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I am posting this as a benchmark, not because I think I'm playing very well yet.  The idea would be post a video every month for a ye...

Saturday, December 30, 2017

unnecessary weaknesses

Here's an idea. I want to rid my musical life of unnecessary weaknesses, like being intimidated by certain keys, or by my slowness at reading music. These are unnecessary because they aren't due to an inherent lack of ability: if I can read music at all I should be able to read notes that far above the staff. I just need to practice more and systematically learn what I need to learn. If I know a key with five flats, then I should be able to learn one with 4 sharps. If my time is weak because I don't practice enough with the metronome, then the solution seems blindingly obvious. These are self-created obstacles, not inherent defects in my musicality.

Of course, this is not a claim that I have no inherent limitations. It may be that I am not a very good musician in numerous ways, some of them correctable with time, others not so much. Some limitations might be correctable, but I might not get there in the time I have left on earth. For example, my piano technique will continue to improve, but I won't become a virtuoso.

It seems obvious that mechanical details that numerous other non-genius musicians have mastered are also accessible to me.  Also, only those things that are possible to improve are worth working on in the first place. In other words, aptitude or raw potential are, by definition, impossible to improve.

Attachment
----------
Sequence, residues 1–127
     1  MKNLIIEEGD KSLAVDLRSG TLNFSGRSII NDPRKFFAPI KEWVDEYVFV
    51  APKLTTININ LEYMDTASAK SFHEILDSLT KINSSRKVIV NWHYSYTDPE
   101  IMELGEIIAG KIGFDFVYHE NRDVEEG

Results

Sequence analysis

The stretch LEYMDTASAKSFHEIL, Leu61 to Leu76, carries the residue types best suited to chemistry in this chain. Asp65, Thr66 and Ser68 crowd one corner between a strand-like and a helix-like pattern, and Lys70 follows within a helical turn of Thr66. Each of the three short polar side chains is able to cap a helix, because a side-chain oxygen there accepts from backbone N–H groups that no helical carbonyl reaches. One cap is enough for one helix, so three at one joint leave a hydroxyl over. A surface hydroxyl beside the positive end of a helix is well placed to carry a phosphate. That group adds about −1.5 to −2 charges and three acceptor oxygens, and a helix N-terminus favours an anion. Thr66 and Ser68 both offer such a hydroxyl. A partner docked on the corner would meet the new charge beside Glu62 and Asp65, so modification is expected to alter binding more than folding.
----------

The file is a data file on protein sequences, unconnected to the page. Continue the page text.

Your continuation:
Friday, December 29, 2017

Annals of Casual Misogyny

At the airport bar in LAX, a middle-aged guy talking on cellular at the opposite end from me, but loud enough so I could hear, kept saying that "Jesse" had "too much estrogen in his life." That same phrase, and variations of it, ("an overdose of estrogen") over and over again, maybe a dozen times. The conversation drifted a bit, but at the end came back to the estrogen. I gathered that he was a kid living with his mother and maybe another female relative or two. The cell phone guy was suggesting that he come to visit the kid Jesse, and, I guess, supply some other kind of sex hormones in his life? It was obviously a turn of phrase that he was very proud of, and to make himself understood he had to hammer it home. I have no idea who is was talking to. I don't think estrogen is contagious, nor that you can absorb it by living around women, and the metonymy: women = estrogen is rather lame, especially when repeated 15 damn times.

Monday, December 25, 2017